By Tom Quiner
John the Baptist and Jesus
Do you know who John the Baptist is?
The Catholic Church considers him the greatest and last in the line of the prophets.
He was the voice in the wilderness paving the way for Jesus, the Christ.
He did something interesting while still in his mother’s womb. I quote the King James Bible, the book of Luke 1:41:
“And it came to pass, that, when Elisabeth heard the salutation of Mary, the babe leaped in her womb; and Elisabeth was filled with the Holy Ghost.”
Scripture suggests personhood for the Baptist even when he was in the womb, that he had an awareness of another person, Jesus, while He was still in his Mother Mary’s womb.
Contemporary Americans in this political cycle should contemplate these two historical figures, both of whom are “giants” in the world of Christianity.
Consider the possibilities:
1. A baby leaping in the womb at the precise moment another fetus is present may be just a fluke of timing. Let’s face it, babies are moving and kicking in the Mom’s womb at six months. John may have let out a kick at just the moment the pregnant Mary walked up. No big deal, right?
2. The writer may have romanticized the whole encounter or made it up.
3. John and Jesus were portrayed as persons while in the womb, their human potential revealed as immediately significant.
It is this third possibility that is at issue today.
My question to you contemporary Americans is: is the human potential of the baby in the womb significant?
Pastor Rick Warren asked then-candidate Barack Obama: “At what point does a baby get human rights, in your view?” The future President was evasive:
“Well, you know,” he said, “I think that whether you’re looking at it from a theological perspective or a scientific perspective, answering that question with specificity, you know, is above my pay grade.”
In other words, Mr. Obama suggested that human rights are subjective, not inalienable, a view not unlike those held in communist China.
Human rights are conditional and determined by people in power.
Mr. Obama was put to the test on this issue while a state senator in Illinois. The legislature was attempting to pass a law that would require health care workers to save the life of a baby “born alive,” one that survived an abortion.
Without that law, the fetus (now a baby) would be left to die without treatment or comforting, something we wouldn’t even do to a dog.
This is what happened to Melissa Ohden as Quiner’s Diner recounted on Monday. Ms.
Abortion survivor, Melissa Ohden with her little girl
Ohden was aborted when she was a 5-month old fetus.
Iowa law demanded medical treatment, which she received.
Mr. Obama would not have provided that treatment. He recognized the pitfalls of “Born Alive” legislation. He recognized that it would put his pro-abortion political supporters at some risk, because it would become rather challenging to offer human rights to the Melissa Ohdens of the world only if she could survive the abortionist’s assault on her little body.
What is the difference between Melissa Ohden in the womb and Melissa Ohden lying on a table fighting for breath five minutes later?
Tough call. Let’s face it, there is no difference. Mr. Obama said:
“(T)he Equal Protection Clause does not allow someone to kill a child, and if this is a child, then this would be an anti-abortion statute.”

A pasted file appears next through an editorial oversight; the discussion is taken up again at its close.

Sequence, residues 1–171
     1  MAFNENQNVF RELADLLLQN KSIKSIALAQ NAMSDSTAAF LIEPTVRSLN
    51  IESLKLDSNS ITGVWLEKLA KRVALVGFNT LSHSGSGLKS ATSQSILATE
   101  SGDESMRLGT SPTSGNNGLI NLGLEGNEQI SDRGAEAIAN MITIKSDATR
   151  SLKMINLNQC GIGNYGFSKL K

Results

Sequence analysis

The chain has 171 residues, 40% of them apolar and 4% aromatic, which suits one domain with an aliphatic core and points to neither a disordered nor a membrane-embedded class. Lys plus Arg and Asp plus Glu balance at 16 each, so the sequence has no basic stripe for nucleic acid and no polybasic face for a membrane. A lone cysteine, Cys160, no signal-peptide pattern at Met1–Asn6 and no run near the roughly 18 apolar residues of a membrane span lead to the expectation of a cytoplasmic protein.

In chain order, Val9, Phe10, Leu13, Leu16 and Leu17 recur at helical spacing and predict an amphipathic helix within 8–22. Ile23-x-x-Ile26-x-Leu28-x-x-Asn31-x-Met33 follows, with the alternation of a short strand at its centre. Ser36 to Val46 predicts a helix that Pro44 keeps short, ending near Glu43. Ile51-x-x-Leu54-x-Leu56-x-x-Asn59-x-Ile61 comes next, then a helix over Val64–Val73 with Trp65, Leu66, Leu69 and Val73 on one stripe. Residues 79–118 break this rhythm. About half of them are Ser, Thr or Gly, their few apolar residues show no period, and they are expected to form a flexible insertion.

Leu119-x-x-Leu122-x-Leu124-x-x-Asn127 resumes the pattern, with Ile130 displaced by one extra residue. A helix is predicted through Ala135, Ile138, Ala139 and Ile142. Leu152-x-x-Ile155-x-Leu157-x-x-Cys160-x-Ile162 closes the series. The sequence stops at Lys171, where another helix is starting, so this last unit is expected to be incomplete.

There you have it.
By characterizing a statute as “anti-abortion,” Mr. Obama revealed that his political ties to a powerful (and financially supportive) political lobby trumped Melissa Ohden’s life.
Human rights are conditional to this, America’s first African-American, President.
This is where presidential candidate, Rick Santorum comes in. Mr. Santorum has displayed a great deal of courage during his political career in defense of life.
He stakes out politically unpopular positions, and sticks to them, no matter how much it costs him politically.
Mr. Santorum staked out a position similar to one Martin Luther King Jr. stated while the latter was in a Birmingham jail. Mr. King said a law is just if comports with natural law, and it was unjust if it didn’t. He said segregation was unjust because it didn’t comport with natural law.
Mr. Santorum sees a similarity when considering human rights for the pre-born:
“Every person, every child conceived in the womb has a right to life from the moment of conception,” said Santorum. “Why? Because they are human, genetically human, at the moment of conception … so it’s a human life. I don’t think you’ll find a biologist in the world who will say that that is not a human life. The question is — and this is what Barack Obama didn’t want to answer — is that human life a person under the Constitution? And Barack Obama says no. Well, if that person, human life, is not a person, then I find it almost remarkable for a black man to say: No, we are going to decide who are people and who are not people.”
Melissa Ohden shared a rather unpleasant experience when speaking to a woman’s group. A representative from a well-known abortion provider was present. Melissa went up to her after speaking and extended her hand. The abortion provider refused to take it, turned her back on her, and walked away.
Ms. Ohden should have been dead. She had no right to be there talking, did she?
The president demurred when questioned by Rick Warren on when does a baby get human rights.
He wasn’t shooting straight with us.
It is up to him, he is saying in a sense. It’s up to men and women like him to determine when human rights shall be dispensed based on politics, not natural law.
On the other hand, Rick Santorum says human rights occur at conception, that it is not up to man, that it is not up to the Party to determine these things. He says that human life is immediately significant regardless of where it resides.
As I wrote in my post yesterday, courageous leaders are a rare commodity. Rick Santorum has it in spades.